Researchers, including lead author Iair Arcavi (foreground), at Las Cumbres Observatory in Goleta, California, have been studying the mysterious phenomenon ever since. Their observations include data from Keck Observatory on Maunakea, Hawaii (background)

Researchers, including lead author Iair Arcavi (foreground), at Las Cumbres Observatory in Goleta, California, have been studying the mysterious phenomenon ever since. Their observations include data from Keck Observatory on Maunakea, Hawaii (background)

‘A better understanding could provide insight into the evolution of the most massive stars, the production of the brightest supernovae and possibly the birth of black holes that have masses near 40 solar masses, such as those associated with the first direct detection of gravitational waves.

‘For now, the supernova offers astronomers their greatest thrill: something they do not understand.’  

One explanation offered by the researchers for the unusual activity of iPTF14hls could be to do with its size. 

Adding to the puzzle, telescope imagery uncovered by the team suggests explosions may have taken place at the same location before. An image taken by the Palomar Observatory Sky Survey reveals a possible explosion in the year 1954 at the location of iPTF14hls

Adding to the puzzle, telescope imagery uncovered by the team suggests explosions may have taken place at the same location before. An image taken by the Palomar Observatory Sky Survey reveals a possible explosion in the year 1954 at the location of iPTF14hls

Adding to the puzzle, telescope imagery uncovered by the team suggests explosions may have taken place at the same location before. An image taken by the Palomar Observatory Sky Survey reveals a possible explosion in the year 1954 at the location of iPTF14hls

The explosion is not seen in a later image taken in 1993. Supernovae are known to explode only once, shine for a few months and then fade, but iPTF14hls experienced at least two explosions, 60 years apart

The explosion is not seen in a later image taken in 1993. Supernovae are known to explode only once, shine for a few months and then fade, but iPTF14hls experienced at least two explosions, 60 years apart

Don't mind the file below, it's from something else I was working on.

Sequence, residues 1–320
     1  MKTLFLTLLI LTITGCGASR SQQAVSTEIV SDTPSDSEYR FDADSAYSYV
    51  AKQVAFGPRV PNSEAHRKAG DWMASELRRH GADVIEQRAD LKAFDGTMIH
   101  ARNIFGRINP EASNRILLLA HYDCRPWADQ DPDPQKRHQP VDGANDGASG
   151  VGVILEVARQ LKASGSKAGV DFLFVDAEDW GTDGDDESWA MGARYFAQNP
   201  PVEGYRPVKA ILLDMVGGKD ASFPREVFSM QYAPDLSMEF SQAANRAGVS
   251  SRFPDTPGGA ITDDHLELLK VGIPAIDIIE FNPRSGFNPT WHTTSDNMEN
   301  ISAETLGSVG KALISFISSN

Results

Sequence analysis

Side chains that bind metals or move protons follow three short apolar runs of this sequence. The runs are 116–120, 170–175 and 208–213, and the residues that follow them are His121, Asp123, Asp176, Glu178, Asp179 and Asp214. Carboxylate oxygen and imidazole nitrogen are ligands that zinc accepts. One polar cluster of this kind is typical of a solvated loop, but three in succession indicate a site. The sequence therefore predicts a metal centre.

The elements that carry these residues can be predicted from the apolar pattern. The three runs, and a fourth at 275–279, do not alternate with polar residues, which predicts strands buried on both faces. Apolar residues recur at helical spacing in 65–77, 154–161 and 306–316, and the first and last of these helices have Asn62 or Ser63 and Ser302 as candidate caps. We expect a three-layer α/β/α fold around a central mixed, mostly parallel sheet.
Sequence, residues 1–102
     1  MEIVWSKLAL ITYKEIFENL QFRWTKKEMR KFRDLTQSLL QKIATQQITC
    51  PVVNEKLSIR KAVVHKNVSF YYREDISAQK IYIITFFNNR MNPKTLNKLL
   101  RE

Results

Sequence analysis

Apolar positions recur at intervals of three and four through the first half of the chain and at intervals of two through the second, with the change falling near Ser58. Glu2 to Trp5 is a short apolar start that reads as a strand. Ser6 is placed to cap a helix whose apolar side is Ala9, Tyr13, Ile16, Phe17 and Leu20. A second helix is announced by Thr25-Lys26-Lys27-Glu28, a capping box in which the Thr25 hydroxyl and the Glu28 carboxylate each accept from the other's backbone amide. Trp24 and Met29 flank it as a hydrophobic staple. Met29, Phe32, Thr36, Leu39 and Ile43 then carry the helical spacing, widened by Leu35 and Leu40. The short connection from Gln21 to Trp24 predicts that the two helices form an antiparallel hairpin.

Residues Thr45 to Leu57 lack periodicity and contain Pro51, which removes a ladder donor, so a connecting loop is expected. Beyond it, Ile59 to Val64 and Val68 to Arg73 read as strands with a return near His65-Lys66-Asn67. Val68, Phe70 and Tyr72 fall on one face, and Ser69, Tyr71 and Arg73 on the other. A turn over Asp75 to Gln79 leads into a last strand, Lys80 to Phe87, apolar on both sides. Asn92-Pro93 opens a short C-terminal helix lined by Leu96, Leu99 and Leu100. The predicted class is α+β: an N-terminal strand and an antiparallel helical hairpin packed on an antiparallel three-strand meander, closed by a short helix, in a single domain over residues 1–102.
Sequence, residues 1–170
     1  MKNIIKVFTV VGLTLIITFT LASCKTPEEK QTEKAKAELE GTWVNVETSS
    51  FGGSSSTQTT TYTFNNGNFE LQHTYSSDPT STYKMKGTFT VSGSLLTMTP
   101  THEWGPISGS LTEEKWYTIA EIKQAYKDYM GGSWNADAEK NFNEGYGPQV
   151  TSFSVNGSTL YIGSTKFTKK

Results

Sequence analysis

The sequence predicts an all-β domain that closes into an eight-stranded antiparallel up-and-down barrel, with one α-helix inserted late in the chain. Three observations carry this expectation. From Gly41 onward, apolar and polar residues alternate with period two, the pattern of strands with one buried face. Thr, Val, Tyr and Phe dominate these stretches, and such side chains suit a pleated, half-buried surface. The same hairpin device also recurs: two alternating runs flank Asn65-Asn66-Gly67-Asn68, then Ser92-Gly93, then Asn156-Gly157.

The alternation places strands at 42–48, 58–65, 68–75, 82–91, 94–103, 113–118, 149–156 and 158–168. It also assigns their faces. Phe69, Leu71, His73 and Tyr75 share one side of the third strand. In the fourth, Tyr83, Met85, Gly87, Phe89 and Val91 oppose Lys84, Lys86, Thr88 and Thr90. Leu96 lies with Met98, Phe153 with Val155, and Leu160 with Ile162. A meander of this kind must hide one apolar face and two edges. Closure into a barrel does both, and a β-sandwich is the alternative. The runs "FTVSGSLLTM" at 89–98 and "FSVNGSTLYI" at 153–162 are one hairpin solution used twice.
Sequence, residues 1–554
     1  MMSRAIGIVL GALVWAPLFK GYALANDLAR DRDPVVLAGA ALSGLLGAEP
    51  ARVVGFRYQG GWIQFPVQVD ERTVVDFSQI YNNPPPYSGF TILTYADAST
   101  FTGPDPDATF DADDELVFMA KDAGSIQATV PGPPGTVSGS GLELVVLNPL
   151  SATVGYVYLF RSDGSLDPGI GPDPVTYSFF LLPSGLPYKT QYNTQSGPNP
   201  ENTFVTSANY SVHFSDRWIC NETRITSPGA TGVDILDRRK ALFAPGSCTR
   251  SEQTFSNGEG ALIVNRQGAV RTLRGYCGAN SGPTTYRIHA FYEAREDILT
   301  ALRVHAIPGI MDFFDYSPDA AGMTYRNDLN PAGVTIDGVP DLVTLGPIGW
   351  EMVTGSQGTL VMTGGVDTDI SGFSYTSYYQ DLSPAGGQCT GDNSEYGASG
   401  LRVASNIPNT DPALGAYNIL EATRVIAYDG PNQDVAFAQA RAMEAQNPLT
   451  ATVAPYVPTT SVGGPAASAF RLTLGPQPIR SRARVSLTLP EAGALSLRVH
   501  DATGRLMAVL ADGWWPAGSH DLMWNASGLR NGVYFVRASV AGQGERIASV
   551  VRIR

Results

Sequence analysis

The explosion is not seen in a later image taken in 1993. Supernovae are known to explode only once, shine for a few months and then fade, but iPTF14hls experienced at least two explosions, 60 years apart

WHAT IS A SUPERNOVA? 

A supernova is the explosion of a star, the largest explosion that takes place in space.

They occur where there is a change in the core, or centre, of a star, which can happen in two different ways.

The first type of supernova happens in binary star systems, where two stars orbit the same point. 

A supernova (artist's impression) is the explosion of a star, the largest explosion that takes place in space. A supernova occurs where there is a change in the core, or centre, of a star

A supernova (artist's impression) is the explosion of a star, the largest explosion that takes place in space. A supernova occurs where there is a change in the core, or centre, of a star

A supernova (artist’s impression) is the explosion of a star, the largest explosion that takes place in space. A supernova occurs where there is a change in the core, or centre, of a star

One of the stars, a carbon-oxygen white dwarf, steals matter from its companion star. 

Eventually, the white dwarf accumulates too much matter, which causes the star to explode.

The second type occurs at the end of a single star’s lifetime. 

As the star runs out of nuclear fuel, some of its mass flows into its core. 

Eventually, the core is so heavy that it cannot withstand its own gravitational force. 

The core collapses, which results in the giant explosion of a supernova. 

The sun is a single star, but it does not have enough mass to become a supernova.

They suggest that the star had an initial mass 95 to 130 times that of the sun.

This could be enough to fuel an ongoing series of explosions, rather than one final death blow. 

Under this model, the star would give off supernovae like signals, without destroying the star itself. 

But without a concrete explanation, scientists may be forced to rethink their current understanding of supernovae behaviour.

The full findings were published in the journal Nature.